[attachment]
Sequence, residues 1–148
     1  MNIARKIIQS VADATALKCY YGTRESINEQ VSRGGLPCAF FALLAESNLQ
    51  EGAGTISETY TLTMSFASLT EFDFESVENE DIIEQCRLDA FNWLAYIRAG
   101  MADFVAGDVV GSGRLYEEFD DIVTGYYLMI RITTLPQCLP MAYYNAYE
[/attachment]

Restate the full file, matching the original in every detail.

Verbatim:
Sequence, residues 1–148
     1  MNIARKIIQS VADATALKCY YGTRESINEQ VSRGGLPCAF FALLAESNLQ
    51  EGAGTISETY TLTMSFASLT EFDFESVENE DIIEQCRLDA FNWLAYIRAG
   101  MADFVAGDVV GSGRLYEEFD DIVTGYYLMI RITTLPQCLP MAYYNAYE